The head of Britain’s post-Brexit trade watchdog has said it is ready to follow Brussels in launching an investigation into Chinese companies flooding the market for electric cars, but the government has not asked it to do so.
Oliver Griffiths, the chief executive of the UK’s Trade Remedies Authority (TRA), which advises the government on trade defence, said it was keeping lines of communication open with ministers and had been in close contact with the car industry. “We’ll be ready to go if anyone does come to us,” he told the Guardian in an interview.
The European Commission launched an anti-subsidy investigation into Chinese electric vehicles (EVs) late last year after warning that global markets were being “flooded” with cheap imports from the world’s second largest economy.
Britain would have been covered by the inquiry as a member state but has led an independent trade policy since leaving the EU four years ago. Under the UK’s post-Brexit system, the TRA can be called on by ministers or industry to investigate whether import controls are needed to protect Britain’s economic interests.
However, Griffiths said no request by government or carmakers had been made since Brussels launched its investigation in October. “We haven’t had either of those two things happen on electric vehicles. But I know people are watching it really closely,” he said.
“We’ve been in close and regular contact with the industry on this one, and lots of people are looking at the import numbers. Similarly, I know government have a fairly close watching brief on this one. All eyes will be on Brussels later on this year when they could potentially bring out an interim measure on this.”
Chinese carmakers including BYD and Nio are are hoping to become big players in international markets after sharp increase in production over recent years, with help from tax breaks, loans and other subsidies from Beijing.
China overtook Japan as the world’s largest car exporter last year, while the Shenzhen-based manufacturer BYD last quarter surpassed Elon Musk’s Tesla as the biggest-selling electric carmaker. The EU estimates China’s share of EVs sold in Europe has grown to 8% and could hit 15% by 2025, while AutoTrader expects one-sixth of the UK market to be controlled by Chinese firms by the end of the decade.
Concern is growing among some senior backbench MPs over the future of the British car industry. Last year UK members of the inter-parliamentary alliance on China – co-chaired by the former Conservative party leader Iain Duncan Smith and the Labour peer Helena Kennedy – said the UK was “sleep-walking” into a situation where carmakers could be “undercut to the point of extinction” by Chinese companies.
Sam Lowe, a trade policy expert at Flint Global and former member of the UK government’s strategic trade advisory group, said last week that he expected the EU to impose tariffs on Chinese EVs this year.
“While the UK government and industry are currently publicly reluctant to replicate the EU measures, this will probably change once China-originating cars originally destined for the EU turn up in observable quantities on British driveways,” he said.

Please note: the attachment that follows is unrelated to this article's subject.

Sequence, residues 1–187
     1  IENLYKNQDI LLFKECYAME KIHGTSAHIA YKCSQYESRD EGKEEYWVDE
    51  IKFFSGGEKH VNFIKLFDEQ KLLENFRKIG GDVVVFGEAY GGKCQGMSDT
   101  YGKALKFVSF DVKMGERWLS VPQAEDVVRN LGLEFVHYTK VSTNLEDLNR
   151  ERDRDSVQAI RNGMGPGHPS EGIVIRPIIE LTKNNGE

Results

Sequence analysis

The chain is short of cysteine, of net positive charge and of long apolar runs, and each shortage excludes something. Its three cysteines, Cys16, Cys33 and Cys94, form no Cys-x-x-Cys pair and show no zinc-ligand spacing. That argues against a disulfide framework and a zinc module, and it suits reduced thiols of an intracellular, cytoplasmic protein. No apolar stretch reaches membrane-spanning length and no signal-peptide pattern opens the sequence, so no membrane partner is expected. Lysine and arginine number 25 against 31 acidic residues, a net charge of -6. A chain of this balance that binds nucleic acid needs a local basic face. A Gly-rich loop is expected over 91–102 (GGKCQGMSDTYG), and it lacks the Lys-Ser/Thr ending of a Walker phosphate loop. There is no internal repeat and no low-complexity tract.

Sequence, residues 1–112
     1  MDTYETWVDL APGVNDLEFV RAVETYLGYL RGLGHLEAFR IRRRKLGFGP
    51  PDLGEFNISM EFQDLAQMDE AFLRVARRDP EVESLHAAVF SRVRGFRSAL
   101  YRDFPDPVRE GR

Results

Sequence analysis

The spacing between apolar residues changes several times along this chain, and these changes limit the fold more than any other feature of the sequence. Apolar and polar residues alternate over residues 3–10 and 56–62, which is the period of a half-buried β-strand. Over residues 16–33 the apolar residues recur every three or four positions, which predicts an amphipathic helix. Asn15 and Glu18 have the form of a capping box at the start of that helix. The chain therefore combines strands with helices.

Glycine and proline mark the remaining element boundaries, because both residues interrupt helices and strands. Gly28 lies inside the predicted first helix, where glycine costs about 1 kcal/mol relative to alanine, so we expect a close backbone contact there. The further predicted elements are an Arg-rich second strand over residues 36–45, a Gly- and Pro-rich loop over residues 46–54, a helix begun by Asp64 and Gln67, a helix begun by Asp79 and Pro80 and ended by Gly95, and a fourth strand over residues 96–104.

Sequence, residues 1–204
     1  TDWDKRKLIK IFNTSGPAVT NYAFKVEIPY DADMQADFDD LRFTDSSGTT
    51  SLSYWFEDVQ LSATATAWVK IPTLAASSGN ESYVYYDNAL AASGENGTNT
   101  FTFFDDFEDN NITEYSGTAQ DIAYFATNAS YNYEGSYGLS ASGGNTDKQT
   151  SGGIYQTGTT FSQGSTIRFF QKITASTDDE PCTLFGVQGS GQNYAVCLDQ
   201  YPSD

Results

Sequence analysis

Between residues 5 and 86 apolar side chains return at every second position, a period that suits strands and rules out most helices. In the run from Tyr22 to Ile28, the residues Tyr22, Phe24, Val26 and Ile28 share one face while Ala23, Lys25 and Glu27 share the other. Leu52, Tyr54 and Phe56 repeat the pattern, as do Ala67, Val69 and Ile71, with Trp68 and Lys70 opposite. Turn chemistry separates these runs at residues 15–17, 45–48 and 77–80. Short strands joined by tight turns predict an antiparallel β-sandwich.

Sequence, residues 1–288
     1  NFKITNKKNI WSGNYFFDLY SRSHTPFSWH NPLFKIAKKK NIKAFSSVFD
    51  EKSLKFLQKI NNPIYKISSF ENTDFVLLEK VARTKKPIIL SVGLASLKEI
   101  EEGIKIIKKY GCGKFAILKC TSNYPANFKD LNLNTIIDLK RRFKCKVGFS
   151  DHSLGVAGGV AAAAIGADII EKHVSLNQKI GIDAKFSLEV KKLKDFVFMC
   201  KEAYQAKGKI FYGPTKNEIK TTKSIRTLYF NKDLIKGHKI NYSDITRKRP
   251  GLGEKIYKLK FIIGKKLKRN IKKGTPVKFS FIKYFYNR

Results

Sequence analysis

Griffiths warned there was a danger that an investigation into Chinese EVs could trigger retaliatory measures, highlighting that Beijing had launched an investigation into the alleged dumping of French brandy.
“If we were to do something in this space, the danger is that there is then a response from the country being investigated. And I think people are very aware of that,” he said.
Labour and the Conservatives have expressed desire to grow domestic EV manufacturing capacity, with the government offering £500m in subsidies to Tata, the Indian owner of Jaguar Land Rover, to build an electric car battery plant.
However, the prospect of import protections are not universally popular in the EU, where German companies – often with tie-ups with Chinese firms or significant sales in the country – have expressed unease.
Several carmakers in Britain have links with China, including JLR, which has a joint venture in the country. China has also acted as a big investor in the UK, including through the Chinese-owned battery company Envision AESC, which runs the UK’s only “gigafactory” in Sunderland, supplying Nissan, and Geely, which owns the black-cab maker London Electric Vehicle Company.
Griffiths said the structure of the UK car industry could influence whether import restrictions would help or hinder British firms, while suggesting that cheap Chinese imports could benefit consumers and the push to net zero.
“This is essentially a consumer good that could be much cheaper, that could really accelerate the transition to net zero. So there are very important equities on both sides,” he said.
“We obviously wont take a view on this unless and until we’re asked to start a case. But I think it’s an interesting example where you see a number of different public policy goals coming into land within one investigation.”
A government spokesperson said: “UK car manufacturers have not discussed their concerns with the TRA or requested an investigation into electric vehicle imports from China.
“We’re firmly backing our auto industry with £2bn of capital and R&D funding to 2030, Tata’s investment of over £4bn to build a new gigafactory and Nissan’s £2bn EV investment in Sunderland that will create jobs and opportunities across the country.”